# Thread: Help Finding if a function is differentiable or not

1. ## Help Finding if a function is differentiable or not

1)Is the function f(x) = |3x - 9| di fferentiable at x = 3?

2) Is the function
f(x) = {5x - 5 , x < 2
{2x + 1, x>=2
di fferentiable at x = 2?

for 2, when you sub in x=2, both equal 5, does that mean it is or is not differentiable?

and for 1 i'm not sure how you go about it

2. Originally Posted by ihatemath09
1)Is the function f(x) = |3x - 9| differentiable at x = 3?

2) Is the function
f(x) = {5x - 5 , x < 2
{2x + 1, x>=2
differentiable at x = 2?

for 2, when you sub in x=2, both equal 5, does that mean it is or is not differentiable?

and for 1 i'm not sure how you go about it
a function is differentiable at a if this limit exists:

$f'(a) = \displaystyle\lim_{h \to 0} \frac{f(a+h) - f(a)}{h}$

For Q1, a = 3. Because 3 is positive, f(x) = 3x-9

For Q2, you need to evaluate the limit with both equations and they must be both exist and equal to each other to be differentiable.

3. Originally Posted by ihatemath09
1)Is the function f(x) = |3x - 9| differentiable at x = 3?

2) Is the function
f(x) = {5x - 5 , x < 2
{2x + 1, x>=2
differentiable at x = 2?

for 2, when you sub in x=2, both equal 5, does that mean it is or is not differentiable?

and for 1 i'm not sure how you go about it
You can test diffrentialbility by testing the limit from both sides at the point. I'd explain this in proper terms but I cant find the latex button while I'm writing this post.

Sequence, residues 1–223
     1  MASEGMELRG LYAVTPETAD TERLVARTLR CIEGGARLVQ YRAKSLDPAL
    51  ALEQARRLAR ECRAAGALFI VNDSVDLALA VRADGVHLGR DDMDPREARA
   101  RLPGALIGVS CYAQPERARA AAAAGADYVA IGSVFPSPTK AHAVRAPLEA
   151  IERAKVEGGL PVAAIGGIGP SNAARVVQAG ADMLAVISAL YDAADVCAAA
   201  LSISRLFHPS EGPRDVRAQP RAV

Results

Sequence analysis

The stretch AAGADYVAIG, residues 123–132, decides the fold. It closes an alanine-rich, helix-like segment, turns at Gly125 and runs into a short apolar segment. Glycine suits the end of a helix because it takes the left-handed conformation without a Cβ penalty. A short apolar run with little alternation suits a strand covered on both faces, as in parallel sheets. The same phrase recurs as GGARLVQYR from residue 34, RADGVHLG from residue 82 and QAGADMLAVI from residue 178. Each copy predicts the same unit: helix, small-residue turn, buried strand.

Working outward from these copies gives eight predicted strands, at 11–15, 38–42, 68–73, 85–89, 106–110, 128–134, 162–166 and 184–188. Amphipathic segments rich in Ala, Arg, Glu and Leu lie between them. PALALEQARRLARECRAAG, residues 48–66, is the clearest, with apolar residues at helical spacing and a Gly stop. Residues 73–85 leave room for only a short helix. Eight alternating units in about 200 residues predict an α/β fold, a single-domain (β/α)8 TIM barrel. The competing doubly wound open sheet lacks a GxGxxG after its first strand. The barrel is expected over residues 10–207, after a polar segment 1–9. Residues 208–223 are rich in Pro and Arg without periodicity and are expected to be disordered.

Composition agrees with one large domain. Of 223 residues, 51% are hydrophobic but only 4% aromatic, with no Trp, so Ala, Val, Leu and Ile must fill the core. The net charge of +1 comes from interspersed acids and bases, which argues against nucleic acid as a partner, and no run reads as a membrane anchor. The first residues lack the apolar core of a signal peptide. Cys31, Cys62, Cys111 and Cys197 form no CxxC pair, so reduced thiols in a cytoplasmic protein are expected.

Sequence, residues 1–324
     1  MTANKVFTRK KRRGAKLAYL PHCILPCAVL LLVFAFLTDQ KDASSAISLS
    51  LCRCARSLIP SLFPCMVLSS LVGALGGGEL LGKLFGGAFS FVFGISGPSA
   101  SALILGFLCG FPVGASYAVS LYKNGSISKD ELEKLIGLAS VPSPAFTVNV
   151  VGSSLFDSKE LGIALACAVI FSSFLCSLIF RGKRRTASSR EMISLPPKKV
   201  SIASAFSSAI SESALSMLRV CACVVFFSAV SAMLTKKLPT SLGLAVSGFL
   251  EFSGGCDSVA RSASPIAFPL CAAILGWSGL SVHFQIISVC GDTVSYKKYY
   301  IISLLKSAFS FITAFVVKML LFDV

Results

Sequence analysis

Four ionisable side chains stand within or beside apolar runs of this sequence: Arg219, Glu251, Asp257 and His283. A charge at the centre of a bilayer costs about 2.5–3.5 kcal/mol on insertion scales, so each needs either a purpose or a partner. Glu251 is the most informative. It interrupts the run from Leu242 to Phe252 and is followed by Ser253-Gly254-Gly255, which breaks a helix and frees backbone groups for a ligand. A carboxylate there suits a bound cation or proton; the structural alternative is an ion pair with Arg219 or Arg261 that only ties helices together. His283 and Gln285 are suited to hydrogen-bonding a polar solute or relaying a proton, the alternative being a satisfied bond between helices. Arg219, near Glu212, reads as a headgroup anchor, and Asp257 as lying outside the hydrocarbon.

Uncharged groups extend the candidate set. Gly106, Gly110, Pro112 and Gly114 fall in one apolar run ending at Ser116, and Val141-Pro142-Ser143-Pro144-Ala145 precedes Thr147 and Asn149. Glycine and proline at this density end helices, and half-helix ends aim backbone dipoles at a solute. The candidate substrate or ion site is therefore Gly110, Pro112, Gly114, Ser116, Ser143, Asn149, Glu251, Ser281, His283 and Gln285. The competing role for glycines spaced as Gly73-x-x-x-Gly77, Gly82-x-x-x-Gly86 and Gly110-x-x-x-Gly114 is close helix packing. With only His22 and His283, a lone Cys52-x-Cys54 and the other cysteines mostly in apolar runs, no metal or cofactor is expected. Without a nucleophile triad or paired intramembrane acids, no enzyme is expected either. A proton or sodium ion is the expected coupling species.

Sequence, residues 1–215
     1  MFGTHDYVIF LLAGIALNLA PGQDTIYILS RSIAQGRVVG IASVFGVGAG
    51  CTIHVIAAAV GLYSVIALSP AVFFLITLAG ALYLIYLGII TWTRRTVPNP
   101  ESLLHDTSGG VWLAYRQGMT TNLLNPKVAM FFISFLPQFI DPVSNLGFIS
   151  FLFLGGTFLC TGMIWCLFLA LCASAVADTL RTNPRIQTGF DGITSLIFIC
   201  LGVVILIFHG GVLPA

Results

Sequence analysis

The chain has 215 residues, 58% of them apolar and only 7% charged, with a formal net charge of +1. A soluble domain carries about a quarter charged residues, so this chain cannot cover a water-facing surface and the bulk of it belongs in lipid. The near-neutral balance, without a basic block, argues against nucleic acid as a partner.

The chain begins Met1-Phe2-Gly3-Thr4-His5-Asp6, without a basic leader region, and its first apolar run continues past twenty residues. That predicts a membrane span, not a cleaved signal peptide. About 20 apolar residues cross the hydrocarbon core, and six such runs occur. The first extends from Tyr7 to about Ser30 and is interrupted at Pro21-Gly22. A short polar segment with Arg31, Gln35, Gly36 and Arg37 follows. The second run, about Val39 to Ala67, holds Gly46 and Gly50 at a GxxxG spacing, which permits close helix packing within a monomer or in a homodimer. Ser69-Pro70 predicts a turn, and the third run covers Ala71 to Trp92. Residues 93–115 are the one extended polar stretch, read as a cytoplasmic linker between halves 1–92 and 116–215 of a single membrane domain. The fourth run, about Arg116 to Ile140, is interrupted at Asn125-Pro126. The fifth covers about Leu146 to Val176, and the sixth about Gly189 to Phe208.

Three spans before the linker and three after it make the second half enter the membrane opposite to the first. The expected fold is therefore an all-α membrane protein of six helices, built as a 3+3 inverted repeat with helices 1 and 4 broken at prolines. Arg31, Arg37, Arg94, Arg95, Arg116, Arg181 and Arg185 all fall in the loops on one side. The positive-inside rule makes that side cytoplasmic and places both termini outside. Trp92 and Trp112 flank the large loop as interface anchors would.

4. Originally Posted by Gusbob
a function is differentiable at a if this limit exists:

$f'(a) = \displaystyle\lim_{h \to 0} \frac{f(a+h) - f(a)}{h}$

For Q1, a = 3. Because 3 is positive, f(x) = 3x-9
No, whether a is positive or not is irrelevant. It is a question of whether 3x- 9 is positive or not. If x> 3, 3x- 9> 0 and f(x)= |3x- 9|= 3x- 9 which has slope 3. If x< 3, then 3x-9< 0 so f(x)= |3x- 9|= -(3x- 9)= -3x+ 9 which has slope -3.

ihatemath09 (if you are going to keep using this forum, you might want to change that user name!), the fact that both formulas gives the same thing at x= 2 only means the function is continuous there, not that the function is differentiable.

By the way, while the derivative of a function is not necessarily continuous, it does satisfy the "intermediate value theorem". One result of that is that if $\lim_{x\to a^-} f'(x)= \lim_{x\to a^+} f'(x)$ then f is differentiable at x= a. That's simpler to use but a deeper result that looking at the definition of the derivative.

What you can do is look at $\lim_{h\to 0^+}\frac{f(2+h)- f(2)}{h}= \lim_{h\to 0}\frac{(5(2+h)- 5)- 5}{h}$ and $\lim_{h\to 0^-} \frac{f(2+h)- f(2)}{h}= \lim_{h\to 0}\frac{(2(2+h)+ 1)- 5}{h}$. If those two limits are the same, then the function is differentiable at x= 2 (and the common value is the derivative there).

For Q2, you need to evaluate the limit with both equations and they must be both exist and equal to each other to be differentiable.

5. You can also use the alternate definition for the derivative

$\displaystyle \lim_{x \to a} \dfrac{f(x)-f(a)}{x-a}$

Also, I agree with HallsofIvy - I'd change a username like "Ihatemath". It might not get the help you desire.